For example, detail shots. Iphones are incredible at picking up those little macro images. So use that! Get a bunch of really cool detail shots, and let your iphone shine. 

You can also maximize your settings to make sure you’re getting the most out of your iphone. Make sure you’re shooting in 4k, and take a look at your frame rate. Additionally, did you know that you can download an app that allows you to adjust your camera settings manually? Some of the apps listed in the link above are for photography, but some can be used for video as well.

Tip number four: Capture movement.

If you have a little extra room in your budget, consider investing in a gimbal for your iPhone. There are a number of high-quality, relatively affordable gimbals out there that will make your production look much higher budget. We’ve seen great reviews for the DJI OM 5, the Zhiyun Smooth 4, and the MOZA Mini-S (that one’s just fifty bucks!) For inspiration, check out The Path by Nilhs Kimmel. We absolutely turn to this cell phone shot short film when we need storyboarding inspo. 

Tip number five: Record clean audio… or none at all.

This one’s quick and easy. Bad audio makes a movie, well, impossible to watch. You have two options here. You can spring for an external microphone (like this one) or you can make a silent film. Either is a good choice, and either presents its own unique challenges that will help you grow as a filmmaker. We don’t know why more filmmakers don’t do silent films; it’s such an easy way to slash your budget and it doesn’t have to compromise your vision. 

Tip number six: Stabilize your shot.

Listen, we love a good handheld shot as much as the next filmmaker. But investing in a tripod or a stabilizer for your iphone is only going to make your final product more professional looking. If you have twenty extra bucks you can invest in a small iphone tripod, and it’ll make a world of difference when setting up your shot. Already have a larger tripod? Spend even less money on an adapter so you can use it with your iphone. If that isn’t going to work for you, find a way to prop your iphone up on furniture or a pile of books to get the perfect, stable shot. 

Tip number seven: Find other ways to up your production value.

We get it, you’re on a tight budget. We’ve been there too, trust us. Here’s a story for you. Before New32 was New32 and was just a couple of friends with a passion for filmmaking, we were shooting a movie. We really, really, really wanted a scene on a city bus. It would look so good and increase our production value so much. But we were broke. Luckily enough, we live in a small town with a robust public transportation service, so we called and begged to use the bus for free. And you know what? They said yes! That’s the real lesson: when you’re working on a shoestring budget, just ask for things. You’ll be surprised at who might say yes.

Now, was it one of the craziest shoots of our life? Yes. Did the bus have to drive around on its regular route all day? Also yes. Did random civilians try to get on the bus constantly? …yes. We’ll have to do a whole blog post on it one day. But that’s not the point. The point is we got the shoot done and the movie looked so. Much. Better. Because of it.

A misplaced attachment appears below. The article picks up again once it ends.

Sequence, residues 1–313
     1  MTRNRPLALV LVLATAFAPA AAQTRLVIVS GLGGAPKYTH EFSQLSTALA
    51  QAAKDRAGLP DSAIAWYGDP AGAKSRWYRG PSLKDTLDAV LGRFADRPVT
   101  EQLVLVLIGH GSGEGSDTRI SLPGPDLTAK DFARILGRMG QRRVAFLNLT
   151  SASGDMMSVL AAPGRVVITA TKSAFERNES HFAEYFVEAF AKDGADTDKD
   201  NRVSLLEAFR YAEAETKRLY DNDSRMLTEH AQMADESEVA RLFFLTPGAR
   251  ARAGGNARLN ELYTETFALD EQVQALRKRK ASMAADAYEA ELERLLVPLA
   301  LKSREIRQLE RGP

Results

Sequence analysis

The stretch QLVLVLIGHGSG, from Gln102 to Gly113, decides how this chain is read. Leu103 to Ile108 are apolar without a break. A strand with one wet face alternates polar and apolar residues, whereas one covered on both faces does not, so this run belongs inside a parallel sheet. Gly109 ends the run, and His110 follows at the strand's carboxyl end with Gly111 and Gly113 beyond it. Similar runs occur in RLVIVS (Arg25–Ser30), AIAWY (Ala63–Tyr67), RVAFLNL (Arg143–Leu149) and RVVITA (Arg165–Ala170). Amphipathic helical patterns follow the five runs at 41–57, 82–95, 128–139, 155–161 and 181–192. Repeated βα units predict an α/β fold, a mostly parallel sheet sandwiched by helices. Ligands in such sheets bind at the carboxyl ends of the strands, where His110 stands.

Just because you’re shooting on an iphone doesn’t mean you’re not a legitimate filmmaker who should be taken seriously. Keep that in mind and don’t be afraid to ask for the things that will make your movie great.

Tip number eight: Storytelling is king.

Yeah, I know. You’re here because you already are a storyteller, because you have a need to express yourself through film. At New32, we are positive that a badass concept shot on an iphone is going to outweigh a so-so story shot on the best, most expensive cinema camera every time. This is less of a tip and more of just our way of saying: you can do this. Your ideas are really what make your movie sing. You can create amazing, stunning, dare we say award-winning cinematic films on your iphone, even if you don’t purchase a single one of the products we listed here. 

To summarize…

There was a time when filmmaking was out of reach for everyone but the rich and well-connected. Filmmaking is still easier if you have a ton of money–like, we can’t overstate how much easier–but in some ways the prevalence of 1080p cell phone cameras is democratizing filmmaking. You have to work hard, but you have a shot (get it? shot?) at making something truly beautiful with just the phone in your pocket. By using these tips and tricks, and perhaps by studying some of the stunning short films shot on an iphone that are available on youtube, you can maximize your chances of making something truly gorgeous and professional looking. Check out our CEO, Raven, talking about her five favorite cinematic movies shot on an iphone. 

Molly Stein-Seroussi

Molly Stein-Seroussi


Molly is an author, screenwriter, blogger, and brand manager for New 32 Productions. They are passionate about sharing content that helps filmmakers live a more productive, informed, and well-balanced life. They live in North Carolina with their spouse and way too many dogs.